He rejected you because you weren’t as athletic as a character you played in a movie?

Yeah, pretty much.

He does know that movies aren’t real, right? It’s make believe.

Apparently not. And he’s such a lumberjack, that David Mamet. Such a manly man.

You had a brief period of doing big budget action movies. I think you did three Jerry Bruckheimer movies in a row.

Yeah. Bad Boys II and Pearl Harbor and Kangaroo Jack. I’ve tried to avoid those kinda films now. I just don’t want to do them anymore. Which is fine, because I don’t know if people would cast me in them anymore.

Not long after Pearl Harbor, you moved from LA back to Chicago, and ended up living in an attic over the Red Orchid Theater. Why an attic?

It was only because of my nomadic existence. I’m not going to buy a mansion somewhere. I move around too much. I’m always traveling, constantly. It doesn’t really matter to me where I’m living. I don’t need a house on the beach.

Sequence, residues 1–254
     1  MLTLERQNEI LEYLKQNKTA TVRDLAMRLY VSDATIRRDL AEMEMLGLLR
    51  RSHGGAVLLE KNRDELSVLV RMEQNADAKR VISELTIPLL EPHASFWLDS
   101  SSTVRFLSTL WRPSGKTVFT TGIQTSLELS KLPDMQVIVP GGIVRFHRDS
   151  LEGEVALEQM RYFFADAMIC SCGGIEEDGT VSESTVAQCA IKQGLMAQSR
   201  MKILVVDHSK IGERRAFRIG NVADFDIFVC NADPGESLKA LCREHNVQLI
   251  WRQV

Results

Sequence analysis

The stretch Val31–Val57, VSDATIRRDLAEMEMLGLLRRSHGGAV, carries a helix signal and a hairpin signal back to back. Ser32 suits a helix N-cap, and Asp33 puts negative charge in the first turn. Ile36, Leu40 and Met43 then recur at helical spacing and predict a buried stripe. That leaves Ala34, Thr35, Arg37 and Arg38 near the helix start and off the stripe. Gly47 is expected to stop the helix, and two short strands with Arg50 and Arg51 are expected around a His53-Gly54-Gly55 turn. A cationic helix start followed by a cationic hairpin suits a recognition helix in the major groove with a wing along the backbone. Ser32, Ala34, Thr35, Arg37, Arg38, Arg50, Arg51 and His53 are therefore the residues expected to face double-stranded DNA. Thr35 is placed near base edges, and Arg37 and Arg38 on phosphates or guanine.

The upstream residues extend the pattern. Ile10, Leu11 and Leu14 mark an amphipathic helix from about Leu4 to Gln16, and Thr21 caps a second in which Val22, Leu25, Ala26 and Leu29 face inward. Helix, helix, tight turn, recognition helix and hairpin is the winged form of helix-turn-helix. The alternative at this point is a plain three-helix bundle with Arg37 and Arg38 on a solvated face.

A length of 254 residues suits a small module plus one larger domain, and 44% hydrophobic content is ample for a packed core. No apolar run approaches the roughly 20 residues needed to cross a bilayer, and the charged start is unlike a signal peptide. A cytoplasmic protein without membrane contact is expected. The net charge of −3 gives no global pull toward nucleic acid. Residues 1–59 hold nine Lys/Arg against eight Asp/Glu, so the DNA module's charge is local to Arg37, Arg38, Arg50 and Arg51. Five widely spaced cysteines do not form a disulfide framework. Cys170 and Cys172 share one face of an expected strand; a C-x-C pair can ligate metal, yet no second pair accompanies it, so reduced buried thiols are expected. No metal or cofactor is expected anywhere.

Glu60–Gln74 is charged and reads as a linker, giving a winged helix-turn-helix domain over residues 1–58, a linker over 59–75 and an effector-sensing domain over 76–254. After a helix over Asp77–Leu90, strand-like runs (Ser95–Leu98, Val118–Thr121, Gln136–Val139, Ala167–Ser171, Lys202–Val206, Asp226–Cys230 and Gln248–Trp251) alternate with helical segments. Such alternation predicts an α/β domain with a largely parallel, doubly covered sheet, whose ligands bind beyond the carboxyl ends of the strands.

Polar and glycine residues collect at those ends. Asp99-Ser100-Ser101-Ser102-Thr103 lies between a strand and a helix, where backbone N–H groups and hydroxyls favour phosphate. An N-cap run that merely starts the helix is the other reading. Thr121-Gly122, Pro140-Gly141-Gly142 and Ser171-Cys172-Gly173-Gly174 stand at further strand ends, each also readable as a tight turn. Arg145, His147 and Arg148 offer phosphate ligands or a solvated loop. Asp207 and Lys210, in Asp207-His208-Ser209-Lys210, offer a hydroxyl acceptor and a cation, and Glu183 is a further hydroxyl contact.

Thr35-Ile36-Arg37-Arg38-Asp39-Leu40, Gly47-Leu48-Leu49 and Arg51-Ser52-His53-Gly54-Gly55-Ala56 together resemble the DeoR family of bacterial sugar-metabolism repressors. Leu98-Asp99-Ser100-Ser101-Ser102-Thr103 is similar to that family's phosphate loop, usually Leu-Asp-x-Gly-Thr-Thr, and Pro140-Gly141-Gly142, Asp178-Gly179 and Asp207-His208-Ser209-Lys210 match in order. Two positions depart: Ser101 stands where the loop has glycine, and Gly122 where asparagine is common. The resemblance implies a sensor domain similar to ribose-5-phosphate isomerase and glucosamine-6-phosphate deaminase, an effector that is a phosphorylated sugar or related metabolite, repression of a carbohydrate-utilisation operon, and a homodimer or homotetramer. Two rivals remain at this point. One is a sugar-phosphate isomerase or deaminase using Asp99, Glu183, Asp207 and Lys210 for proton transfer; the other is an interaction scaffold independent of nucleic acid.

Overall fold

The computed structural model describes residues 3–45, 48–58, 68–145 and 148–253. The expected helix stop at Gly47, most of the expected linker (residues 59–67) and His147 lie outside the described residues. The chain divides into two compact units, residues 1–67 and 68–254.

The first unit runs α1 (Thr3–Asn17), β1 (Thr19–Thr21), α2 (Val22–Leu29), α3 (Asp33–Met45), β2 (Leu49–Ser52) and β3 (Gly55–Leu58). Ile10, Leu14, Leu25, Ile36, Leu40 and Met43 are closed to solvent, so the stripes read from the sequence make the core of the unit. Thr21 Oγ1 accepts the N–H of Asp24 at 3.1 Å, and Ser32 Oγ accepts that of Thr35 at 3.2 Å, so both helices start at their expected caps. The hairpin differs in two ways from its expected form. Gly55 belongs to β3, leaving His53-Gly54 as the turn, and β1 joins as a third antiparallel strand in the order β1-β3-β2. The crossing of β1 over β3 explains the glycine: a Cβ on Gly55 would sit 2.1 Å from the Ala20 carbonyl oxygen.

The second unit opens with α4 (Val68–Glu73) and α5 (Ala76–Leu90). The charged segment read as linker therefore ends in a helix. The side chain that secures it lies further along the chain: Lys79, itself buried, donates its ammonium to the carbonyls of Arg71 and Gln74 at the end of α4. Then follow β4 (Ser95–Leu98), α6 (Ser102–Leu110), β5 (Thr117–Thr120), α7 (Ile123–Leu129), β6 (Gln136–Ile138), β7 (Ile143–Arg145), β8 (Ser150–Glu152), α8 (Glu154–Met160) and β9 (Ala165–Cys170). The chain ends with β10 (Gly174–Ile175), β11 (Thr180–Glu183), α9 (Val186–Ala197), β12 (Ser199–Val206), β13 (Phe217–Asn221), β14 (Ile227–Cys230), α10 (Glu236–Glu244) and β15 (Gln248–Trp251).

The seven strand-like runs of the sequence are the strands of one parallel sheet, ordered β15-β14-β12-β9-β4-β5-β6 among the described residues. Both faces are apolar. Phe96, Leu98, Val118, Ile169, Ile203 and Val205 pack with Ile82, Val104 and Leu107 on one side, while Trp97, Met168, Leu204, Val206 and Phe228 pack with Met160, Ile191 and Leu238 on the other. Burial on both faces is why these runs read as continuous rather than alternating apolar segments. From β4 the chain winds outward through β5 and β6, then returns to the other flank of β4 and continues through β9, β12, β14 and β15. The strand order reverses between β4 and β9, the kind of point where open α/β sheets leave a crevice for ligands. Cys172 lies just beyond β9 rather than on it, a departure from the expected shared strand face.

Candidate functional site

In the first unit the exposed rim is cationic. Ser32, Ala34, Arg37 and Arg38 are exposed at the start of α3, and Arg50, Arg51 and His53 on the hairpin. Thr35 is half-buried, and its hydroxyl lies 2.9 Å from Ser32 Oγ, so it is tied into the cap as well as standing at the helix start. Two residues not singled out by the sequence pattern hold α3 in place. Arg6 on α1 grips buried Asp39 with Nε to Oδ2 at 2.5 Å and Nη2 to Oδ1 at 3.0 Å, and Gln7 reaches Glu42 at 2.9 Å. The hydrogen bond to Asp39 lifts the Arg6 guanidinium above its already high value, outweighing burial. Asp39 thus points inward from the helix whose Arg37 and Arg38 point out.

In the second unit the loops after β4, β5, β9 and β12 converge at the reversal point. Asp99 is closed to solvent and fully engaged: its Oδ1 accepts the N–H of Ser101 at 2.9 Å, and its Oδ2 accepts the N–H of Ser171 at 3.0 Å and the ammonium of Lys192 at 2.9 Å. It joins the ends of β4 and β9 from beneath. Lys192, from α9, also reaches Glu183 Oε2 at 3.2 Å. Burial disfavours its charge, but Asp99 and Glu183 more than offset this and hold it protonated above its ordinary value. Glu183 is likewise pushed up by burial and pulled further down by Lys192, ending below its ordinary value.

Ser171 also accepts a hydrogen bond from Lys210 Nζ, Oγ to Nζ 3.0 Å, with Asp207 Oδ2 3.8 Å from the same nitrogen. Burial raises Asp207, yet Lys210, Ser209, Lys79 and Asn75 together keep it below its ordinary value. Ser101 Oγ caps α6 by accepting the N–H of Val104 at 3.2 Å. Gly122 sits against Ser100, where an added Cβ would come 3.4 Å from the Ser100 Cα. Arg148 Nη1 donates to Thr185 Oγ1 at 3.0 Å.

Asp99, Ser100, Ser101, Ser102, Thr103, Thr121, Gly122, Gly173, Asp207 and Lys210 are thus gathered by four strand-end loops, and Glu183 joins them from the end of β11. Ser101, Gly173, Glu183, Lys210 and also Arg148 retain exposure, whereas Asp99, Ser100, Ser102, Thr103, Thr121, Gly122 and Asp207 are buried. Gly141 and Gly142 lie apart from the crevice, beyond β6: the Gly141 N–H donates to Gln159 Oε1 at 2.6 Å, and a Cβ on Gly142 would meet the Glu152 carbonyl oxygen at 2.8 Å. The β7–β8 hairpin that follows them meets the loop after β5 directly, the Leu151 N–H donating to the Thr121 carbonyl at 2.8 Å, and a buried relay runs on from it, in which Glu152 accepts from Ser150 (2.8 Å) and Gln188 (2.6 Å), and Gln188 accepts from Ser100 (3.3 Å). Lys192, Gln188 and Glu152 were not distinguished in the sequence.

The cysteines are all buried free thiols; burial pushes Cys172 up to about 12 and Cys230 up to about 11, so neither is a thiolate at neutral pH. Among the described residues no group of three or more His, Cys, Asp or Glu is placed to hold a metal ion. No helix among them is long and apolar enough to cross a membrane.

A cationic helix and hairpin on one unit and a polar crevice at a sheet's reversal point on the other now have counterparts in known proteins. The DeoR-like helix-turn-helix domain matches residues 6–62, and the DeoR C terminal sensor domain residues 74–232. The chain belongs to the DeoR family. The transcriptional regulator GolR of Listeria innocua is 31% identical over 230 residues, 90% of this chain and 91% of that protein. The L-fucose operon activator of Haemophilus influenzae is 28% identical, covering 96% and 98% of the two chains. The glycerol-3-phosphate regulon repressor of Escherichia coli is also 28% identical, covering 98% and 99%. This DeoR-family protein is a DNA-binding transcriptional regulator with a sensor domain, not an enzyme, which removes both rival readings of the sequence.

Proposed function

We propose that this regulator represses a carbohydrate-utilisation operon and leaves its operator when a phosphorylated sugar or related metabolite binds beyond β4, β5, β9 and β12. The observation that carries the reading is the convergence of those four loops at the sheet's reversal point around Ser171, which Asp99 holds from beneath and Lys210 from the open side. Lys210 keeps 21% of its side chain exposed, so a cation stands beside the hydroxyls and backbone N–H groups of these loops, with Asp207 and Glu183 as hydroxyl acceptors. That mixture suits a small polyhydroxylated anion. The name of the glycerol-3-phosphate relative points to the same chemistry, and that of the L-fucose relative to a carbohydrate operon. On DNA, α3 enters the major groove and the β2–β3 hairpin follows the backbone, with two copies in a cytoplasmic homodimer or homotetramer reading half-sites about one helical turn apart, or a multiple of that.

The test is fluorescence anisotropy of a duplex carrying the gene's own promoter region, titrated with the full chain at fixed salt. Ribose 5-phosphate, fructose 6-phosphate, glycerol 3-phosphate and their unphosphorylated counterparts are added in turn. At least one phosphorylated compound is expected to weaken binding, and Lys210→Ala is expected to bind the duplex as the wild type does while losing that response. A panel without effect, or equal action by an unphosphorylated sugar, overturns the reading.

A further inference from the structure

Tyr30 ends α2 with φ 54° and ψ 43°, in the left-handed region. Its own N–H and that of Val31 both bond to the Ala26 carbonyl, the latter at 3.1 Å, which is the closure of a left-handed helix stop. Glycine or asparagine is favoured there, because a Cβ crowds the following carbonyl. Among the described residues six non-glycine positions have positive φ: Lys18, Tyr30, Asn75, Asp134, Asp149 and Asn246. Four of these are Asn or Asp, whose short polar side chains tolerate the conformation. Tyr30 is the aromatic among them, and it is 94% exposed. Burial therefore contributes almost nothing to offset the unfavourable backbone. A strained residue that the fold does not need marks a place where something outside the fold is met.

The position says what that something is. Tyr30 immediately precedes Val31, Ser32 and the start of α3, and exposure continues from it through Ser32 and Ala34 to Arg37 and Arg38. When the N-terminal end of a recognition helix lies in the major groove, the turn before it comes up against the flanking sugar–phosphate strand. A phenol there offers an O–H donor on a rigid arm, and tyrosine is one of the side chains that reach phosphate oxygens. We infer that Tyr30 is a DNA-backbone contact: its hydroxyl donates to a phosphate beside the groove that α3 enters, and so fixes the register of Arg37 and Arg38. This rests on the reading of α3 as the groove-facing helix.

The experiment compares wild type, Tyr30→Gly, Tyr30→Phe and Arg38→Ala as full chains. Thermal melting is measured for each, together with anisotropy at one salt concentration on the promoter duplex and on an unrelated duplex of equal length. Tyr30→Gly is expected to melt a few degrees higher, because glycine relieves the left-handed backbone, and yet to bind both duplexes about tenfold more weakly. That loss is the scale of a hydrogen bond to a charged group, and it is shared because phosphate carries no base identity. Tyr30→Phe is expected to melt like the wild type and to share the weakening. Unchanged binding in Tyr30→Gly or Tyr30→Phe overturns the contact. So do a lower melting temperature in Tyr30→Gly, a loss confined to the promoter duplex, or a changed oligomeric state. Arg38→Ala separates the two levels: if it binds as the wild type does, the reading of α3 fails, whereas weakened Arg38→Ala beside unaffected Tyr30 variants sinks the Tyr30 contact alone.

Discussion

But everything about it seemed a little off. You left LA when your career was on a roll, moved into an attic like a homeless person. What was going on in your head?

I was in Hawaii for the Pearl Harbor premiere. I’d just finished shooting Kangaroo Jack or was about to be done shooting it. I was living the life of Riley. At the time Kangaroo Jack was the most money I had ever been paid in my life to act. I was staying in this very glamorous hotel in Hawaii, waiting for this premiere. And I had (director) Dexter Bullard on the phone. They were planning to do (the Tracy Letts’ play) Bug at Red Orchid. The lead was offered to me, but I said no, I can’t do it, I’m too busy.

Too busy making a movie about a kangaroo.

I know, right? It burned my insides. So they were having auditions and looking at other actors. I was talking with Dexter in my hotel room, and I just snapped. It was down to two guys for the play, and he was asking for my advice. And I just told me, “It should be me. It should be fucking me. I’m coming back.” So I went from this kind of glamorous Hollywood lifestyle to sleeping on an attic floor and doing Bug.

But you clearly needed that.

I really did. Everything that was happening to me in Los Angeles, it was overly luxurious. I’m not comfortable with that much luxury. It made me feel…. [long pause] almost like I didn’t exist.

When you’re playing insane characters…

Which I do a lot apparently. [Laughs.]

Is it cathartic? Like that scene last season on Boardwalk Empire, where Van Alden burns a guy’s face with a hot iron. After shooting that, were you like, “Jesus, that was scary” or “Hey, that was kinda fun?”